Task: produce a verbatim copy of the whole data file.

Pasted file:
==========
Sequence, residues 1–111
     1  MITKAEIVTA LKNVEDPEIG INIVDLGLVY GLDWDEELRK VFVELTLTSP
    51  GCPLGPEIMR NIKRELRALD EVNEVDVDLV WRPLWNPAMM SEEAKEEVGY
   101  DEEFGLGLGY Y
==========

Sequence, residues 1–111
     1  MITKAEIVTA LKNVEDPEIG INIVDLGLVY GLDWDEELRK VFVELTLTSP
    51  GCPLGPEIMR NIKRELRALD EVNEVDVDLV WRPLWNPAMM SEEAKEEVGY
   101  DEEFGLGLGY Y